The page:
African food security needs urgent, undivided attention

Focus on investment, smallholders and family farming

6 May 2010 Rome – FAO Director-General Jacques Diouf today called for urgent attention to be directed at Africa’s present food security situation.

“In sub-Saharan Africa, since 2009, over 265 million people are malnourished and 30 percent of the population suffers from hunger,” Diouf said in his opening statement for the Ministerial Segment of the 26th session of FAO’s Regional Conference for Africa in Luanda, Angola.

“This situation clearly demands our urgent and undivided attention,” he added.
Agriculture central to policies and development programmes

He noted, however, that despite its negative effect the recent global economic crisis has “placed agriculture and food security at the heart of national and regional development policies and programmes, which allows to look to the next decade with greater optimism.”

“This new order of priorities should be an opportunity to support small producers and strengthen family farming,” he declared.

African agriculture faces multiple constraints, ranging from lack of access to water and modern inputs to poor rural infrastructure. To ensure sustainable food production and achieve food security, agriculture needs to attain significant growth rates over the next four decades. The continent has seen several “success stories” over the past years.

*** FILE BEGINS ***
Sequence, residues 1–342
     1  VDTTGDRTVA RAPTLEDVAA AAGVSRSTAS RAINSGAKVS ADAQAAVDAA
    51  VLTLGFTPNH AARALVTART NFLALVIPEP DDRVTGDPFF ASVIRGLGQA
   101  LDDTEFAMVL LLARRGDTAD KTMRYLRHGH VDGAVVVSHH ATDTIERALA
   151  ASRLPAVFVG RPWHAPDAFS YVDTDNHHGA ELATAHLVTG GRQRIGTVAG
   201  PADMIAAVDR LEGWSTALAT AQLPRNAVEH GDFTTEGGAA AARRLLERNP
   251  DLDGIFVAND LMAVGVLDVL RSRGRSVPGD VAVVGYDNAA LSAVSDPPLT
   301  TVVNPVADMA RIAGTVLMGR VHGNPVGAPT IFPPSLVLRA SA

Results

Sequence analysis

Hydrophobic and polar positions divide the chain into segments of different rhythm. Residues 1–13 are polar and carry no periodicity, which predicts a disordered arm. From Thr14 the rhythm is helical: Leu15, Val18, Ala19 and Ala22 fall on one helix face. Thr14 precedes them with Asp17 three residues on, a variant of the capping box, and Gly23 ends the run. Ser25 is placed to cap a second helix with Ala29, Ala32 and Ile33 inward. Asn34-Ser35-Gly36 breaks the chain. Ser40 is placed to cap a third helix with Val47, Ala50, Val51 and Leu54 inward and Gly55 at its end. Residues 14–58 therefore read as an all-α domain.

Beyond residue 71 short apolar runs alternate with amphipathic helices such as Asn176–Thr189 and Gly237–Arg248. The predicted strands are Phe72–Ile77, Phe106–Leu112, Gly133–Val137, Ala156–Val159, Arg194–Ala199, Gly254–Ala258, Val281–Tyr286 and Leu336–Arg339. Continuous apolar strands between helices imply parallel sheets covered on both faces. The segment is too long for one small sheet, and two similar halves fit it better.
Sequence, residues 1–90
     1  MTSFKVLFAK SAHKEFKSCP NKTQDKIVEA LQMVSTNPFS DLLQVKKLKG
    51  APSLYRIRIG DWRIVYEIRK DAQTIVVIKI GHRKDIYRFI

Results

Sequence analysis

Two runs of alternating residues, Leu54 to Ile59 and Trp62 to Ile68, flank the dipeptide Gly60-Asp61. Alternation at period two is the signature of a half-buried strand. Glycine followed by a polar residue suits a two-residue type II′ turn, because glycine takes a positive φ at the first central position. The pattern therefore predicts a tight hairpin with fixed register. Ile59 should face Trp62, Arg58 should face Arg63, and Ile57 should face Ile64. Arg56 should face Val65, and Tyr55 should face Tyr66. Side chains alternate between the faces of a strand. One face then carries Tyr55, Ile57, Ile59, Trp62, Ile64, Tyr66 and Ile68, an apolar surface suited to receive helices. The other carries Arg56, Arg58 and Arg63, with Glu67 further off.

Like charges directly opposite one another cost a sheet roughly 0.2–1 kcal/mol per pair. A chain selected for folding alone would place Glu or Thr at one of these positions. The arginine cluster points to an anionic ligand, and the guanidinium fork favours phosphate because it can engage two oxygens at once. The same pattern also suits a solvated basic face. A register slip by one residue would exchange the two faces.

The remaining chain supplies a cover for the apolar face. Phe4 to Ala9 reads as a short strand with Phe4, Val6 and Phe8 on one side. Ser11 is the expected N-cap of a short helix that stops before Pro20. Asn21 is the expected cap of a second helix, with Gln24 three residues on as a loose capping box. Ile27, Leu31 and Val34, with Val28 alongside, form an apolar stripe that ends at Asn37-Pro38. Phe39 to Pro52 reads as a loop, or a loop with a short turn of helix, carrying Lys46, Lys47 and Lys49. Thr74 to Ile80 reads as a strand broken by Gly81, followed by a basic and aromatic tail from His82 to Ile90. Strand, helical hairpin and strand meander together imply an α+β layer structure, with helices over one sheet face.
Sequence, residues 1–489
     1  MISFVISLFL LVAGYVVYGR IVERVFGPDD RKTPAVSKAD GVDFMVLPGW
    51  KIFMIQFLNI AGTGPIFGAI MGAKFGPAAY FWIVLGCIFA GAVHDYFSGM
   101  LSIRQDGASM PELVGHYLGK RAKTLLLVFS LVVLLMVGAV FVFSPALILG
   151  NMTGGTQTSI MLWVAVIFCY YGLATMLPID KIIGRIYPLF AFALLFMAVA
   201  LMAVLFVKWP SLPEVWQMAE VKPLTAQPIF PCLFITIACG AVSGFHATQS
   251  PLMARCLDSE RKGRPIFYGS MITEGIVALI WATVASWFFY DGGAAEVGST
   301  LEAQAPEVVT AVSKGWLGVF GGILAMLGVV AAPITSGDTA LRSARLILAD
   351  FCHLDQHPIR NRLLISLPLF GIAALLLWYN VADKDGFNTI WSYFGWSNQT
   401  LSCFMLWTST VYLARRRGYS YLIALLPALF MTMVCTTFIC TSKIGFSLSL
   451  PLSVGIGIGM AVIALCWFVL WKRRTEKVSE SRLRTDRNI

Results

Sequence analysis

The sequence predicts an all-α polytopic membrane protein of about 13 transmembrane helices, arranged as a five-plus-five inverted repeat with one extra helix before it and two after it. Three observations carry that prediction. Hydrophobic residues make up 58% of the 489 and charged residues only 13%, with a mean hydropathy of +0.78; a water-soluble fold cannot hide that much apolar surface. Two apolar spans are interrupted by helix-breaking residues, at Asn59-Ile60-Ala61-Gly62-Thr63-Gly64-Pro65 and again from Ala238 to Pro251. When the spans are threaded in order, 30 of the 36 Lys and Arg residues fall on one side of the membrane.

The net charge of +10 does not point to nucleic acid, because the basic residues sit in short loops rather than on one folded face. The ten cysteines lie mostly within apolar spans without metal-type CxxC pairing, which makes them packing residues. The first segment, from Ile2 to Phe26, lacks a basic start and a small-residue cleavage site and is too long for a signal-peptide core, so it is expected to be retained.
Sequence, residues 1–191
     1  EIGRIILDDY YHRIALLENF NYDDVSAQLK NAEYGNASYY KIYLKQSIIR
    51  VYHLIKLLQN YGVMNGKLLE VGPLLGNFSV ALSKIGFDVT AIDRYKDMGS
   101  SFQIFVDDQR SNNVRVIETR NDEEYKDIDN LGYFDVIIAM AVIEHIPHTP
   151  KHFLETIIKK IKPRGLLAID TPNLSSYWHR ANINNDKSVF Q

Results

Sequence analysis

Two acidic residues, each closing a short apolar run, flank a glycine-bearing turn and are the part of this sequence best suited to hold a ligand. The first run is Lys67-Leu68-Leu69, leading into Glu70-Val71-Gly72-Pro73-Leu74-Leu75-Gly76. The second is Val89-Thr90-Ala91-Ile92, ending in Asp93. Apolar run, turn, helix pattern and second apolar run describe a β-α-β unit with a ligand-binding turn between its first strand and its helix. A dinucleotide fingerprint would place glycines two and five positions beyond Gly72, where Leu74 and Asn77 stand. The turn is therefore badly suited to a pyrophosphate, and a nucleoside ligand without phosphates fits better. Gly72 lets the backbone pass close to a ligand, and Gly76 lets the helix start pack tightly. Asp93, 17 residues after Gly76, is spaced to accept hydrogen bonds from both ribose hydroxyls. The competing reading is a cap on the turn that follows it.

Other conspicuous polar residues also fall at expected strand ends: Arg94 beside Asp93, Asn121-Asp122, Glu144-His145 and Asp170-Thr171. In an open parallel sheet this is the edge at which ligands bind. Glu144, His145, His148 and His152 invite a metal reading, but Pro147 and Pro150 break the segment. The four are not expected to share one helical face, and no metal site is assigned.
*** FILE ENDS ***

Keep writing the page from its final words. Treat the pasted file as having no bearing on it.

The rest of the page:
Africa is rich in arable land, water and labour and with the implementation of appropriate policies could increase agricultural production, incomes and food security, Diouf said. In 2008, it produced 152.3 million tonnes of cereals, 12 percent more than the previous year, while projections for 2009 indicate that the continent’s cereal production could reach 160 million tonnes.  

Core problem – underinvestment

Underinvestment in agriculture has been the core reason for African hunger and malnutrition, Diouf said. Only nine African countries allocated at least 10 percent of their national budgets to agriculture, as pledged by heads of state and government at the African Union Summit in Maputo in 2003. At the same time, the share of Official Development Assistance from rich countries that is allocated to developing country agriculture had fallen at the global level from 19 percent in 1980 to around five percent today.

Nonetheless, “I remain convinced that with the political will and good governance, Africa will be able to develop its agriculture to adequately feed its population,” he stressed. Quoting Malawi President His Excellency Bingu Wa Mutharika, current Chairperson of the African Union, he added the objective should be that “five years from now, no African child will be dying of hunger and malnutrition”.

The five-day Regional Conference closes tomorrow. 

Photo: ©FAO/Giulio Napolitano
FAO Director-General Jacques Diouf